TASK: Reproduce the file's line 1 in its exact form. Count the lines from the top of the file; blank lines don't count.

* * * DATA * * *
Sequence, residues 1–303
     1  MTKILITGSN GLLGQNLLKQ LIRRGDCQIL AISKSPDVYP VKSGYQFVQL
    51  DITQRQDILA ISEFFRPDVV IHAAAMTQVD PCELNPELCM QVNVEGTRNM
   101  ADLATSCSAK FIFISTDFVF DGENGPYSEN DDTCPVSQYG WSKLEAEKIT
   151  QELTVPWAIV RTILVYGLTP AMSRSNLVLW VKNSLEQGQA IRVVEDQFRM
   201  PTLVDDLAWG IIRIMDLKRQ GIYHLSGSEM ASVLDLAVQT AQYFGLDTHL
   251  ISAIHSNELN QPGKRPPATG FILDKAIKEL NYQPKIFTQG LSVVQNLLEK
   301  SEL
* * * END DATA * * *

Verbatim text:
Sequence, residues 1–303